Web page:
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Outdoor report: Raft the world's biggest tides

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By Suzanne Leonard
Weather Broadcaster
Thursday, June 26, 2014, 5:53 PM

Canada is known world-wide as an outdoor destination with a huge variety of equally huge landscapes, as well as a wide variety of outdoor pursuits. For those who like some thrills with their recreation, rafting and whitewater rafting fit the bill especially on a hot summer day.

Plan a visit to Nova Scotia this summer and raft the world’s highest tides. The Bay of Fundy tides officially measure 50 feet in height, over 15 metres. There are some amazing spots for the family to search for ancient fossils, plus many opportunities for kayaking and whale watching – find out more in The Outdoor Report: Fossil Hunts and Cliff Hikes or rafting thrills, head straight to Shubenacadie.

Your trip begins by riding the outgoing tide along the Shubenacadie River, as it drains out to the Bay of Fundy. The river will be fairly calm and your boat will stop to visit a sand bar, allowing you the chance to step out on firm land – a spot that will soon be covered by a raging river. Once the tide starts coming in, the fun begins. The fast current flowing over these sand bars creates ridges and standing waves. The surge of Fundy’s tide is so strong that it temporarily reverses the flow of the river. This appears as a crest of water, or tidal bore, travelling upstream. The bigger the tide, the bigger the tidal bore and the bigger the standing waves. You have to know what you’re doing in order to stay safe so hook up with a reputable local tour company. Reporter Nathan Coleman went out with www.raftingcanada.ca. Their guides are river experts who read the currents and once the tidal bore starts coming you’re on the move. Guides steer straight into the waves so everyone on board will get the full effect of this unforgettable, adrenaline-filled and unique experience of rafting the world’s highest tides. Before you head out to start your outdoor adventure get the Shubenacadie forecast here and check the bug report too.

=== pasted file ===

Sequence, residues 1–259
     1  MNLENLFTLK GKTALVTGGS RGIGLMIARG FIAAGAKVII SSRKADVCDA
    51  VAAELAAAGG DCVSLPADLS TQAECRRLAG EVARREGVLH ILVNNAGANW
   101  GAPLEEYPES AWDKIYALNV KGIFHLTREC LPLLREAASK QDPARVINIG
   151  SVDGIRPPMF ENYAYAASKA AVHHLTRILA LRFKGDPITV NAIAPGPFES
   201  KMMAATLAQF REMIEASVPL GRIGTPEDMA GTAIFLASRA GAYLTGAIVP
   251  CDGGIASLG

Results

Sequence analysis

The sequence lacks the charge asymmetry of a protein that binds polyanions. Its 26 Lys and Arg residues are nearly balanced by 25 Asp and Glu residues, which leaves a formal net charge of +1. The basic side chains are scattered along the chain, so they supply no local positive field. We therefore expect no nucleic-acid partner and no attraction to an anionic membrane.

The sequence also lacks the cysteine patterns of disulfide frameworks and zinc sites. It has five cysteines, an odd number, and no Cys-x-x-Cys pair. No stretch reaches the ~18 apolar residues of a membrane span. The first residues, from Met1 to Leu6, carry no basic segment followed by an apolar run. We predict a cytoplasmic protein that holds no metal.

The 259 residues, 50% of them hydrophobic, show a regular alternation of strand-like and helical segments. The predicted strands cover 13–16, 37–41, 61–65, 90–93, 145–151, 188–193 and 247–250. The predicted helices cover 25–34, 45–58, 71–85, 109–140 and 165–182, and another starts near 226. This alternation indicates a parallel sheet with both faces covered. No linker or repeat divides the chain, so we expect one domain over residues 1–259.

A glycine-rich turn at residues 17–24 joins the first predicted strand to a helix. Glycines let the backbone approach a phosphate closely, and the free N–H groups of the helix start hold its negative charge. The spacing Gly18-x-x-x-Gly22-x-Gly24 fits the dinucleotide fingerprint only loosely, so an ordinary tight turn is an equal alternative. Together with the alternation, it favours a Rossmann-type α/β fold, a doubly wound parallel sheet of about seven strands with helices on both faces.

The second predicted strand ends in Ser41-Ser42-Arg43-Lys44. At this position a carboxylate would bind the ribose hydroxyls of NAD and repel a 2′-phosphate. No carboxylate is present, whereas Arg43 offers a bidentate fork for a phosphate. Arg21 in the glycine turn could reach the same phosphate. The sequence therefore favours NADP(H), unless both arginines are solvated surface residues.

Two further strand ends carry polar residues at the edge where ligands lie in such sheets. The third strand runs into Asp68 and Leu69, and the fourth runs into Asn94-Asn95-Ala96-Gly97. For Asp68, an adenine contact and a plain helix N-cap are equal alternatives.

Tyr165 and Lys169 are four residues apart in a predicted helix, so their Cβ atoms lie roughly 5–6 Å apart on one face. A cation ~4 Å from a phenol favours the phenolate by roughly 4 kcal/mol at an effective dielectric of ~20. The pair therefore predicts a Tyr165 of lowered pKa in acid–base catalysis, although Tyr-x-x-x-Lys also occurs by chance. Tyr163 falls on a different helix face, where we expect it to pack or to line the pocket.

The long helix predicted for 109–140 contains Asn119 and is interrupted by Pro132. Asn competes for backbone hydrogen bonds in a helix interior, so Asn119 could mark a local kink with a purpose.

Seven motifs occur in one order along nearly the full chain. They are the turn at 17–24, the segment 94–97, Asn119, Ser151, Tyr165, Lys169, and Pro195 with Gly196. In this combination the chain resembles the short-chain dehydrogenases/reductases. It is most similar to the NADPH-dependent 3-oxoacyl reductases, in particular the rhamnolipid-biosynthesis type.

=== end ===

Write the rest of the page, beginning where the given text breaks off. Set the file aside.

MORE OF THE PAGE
If you’re in British Columbia for the upcoming long weekend there are numerous rafting and whitewater rafting adventures available, you can choose a paddle, motor-powered or float trip. With many mountains and dozens of major river systems to choose from you could start your research here. Canada Day draws many to our nation’s capital. But did you know that Ottawa is perhaps the most famous whitewater rafting location in the country? They say it’s the best whitewater rafting east of the Rocky Mountains – and although my visit was a number of years ago I vividly remember the wild ride down the Ottawa River! There are several long-standing tour companies and they’re less than a two hour drive upriver from Ottawa.

In my garden: 'Touch of class' rose

In my garden: 'Touch of class' rose

While many are drawn to the water at this time of year – be it a raging river or a calm lake or swimming pool – others are drawn to their gardens. As usual we’ll wrap up with some gardening tips, like the importance of being on ‘bug watch’ right now. Look out for signs of bug damage on your plants – this includes random holes, circular holes, curled or rolled leaves, ‘skeletonized’ leaves and so on. This can happen quickly so be observant and promptly treat plants as needed, before it becomes a bug infestation.

There are both ‘good’ (beneficial) and ‘bad’ (damaging to your garden) bugs. Your local nursery can be a great resource to find out what insects are active in your area at any given time, and how best to treat them. Pick off a sample of the damaged foliage and take it in for advice. A good insecticidal soap can help with many issues. Also remember that more birds mean less insects in your garden, so consider planting perennials that will attract birds. The Canada Day long weekend could be the perfect time for a leisurely visit at your local nursery to pick out some new varieties to try.

 “Blessed are the curious, for they shall have adventure.”

- L. Drachman

More by this author
Outdoor Report: The unofficial start of summer
Outdoor Report: Glaciers and Gardens
Outdoor Report: Fossil Hunts and Cliff Hikes
Outdoor report: Famous creatures and fragrant flowers

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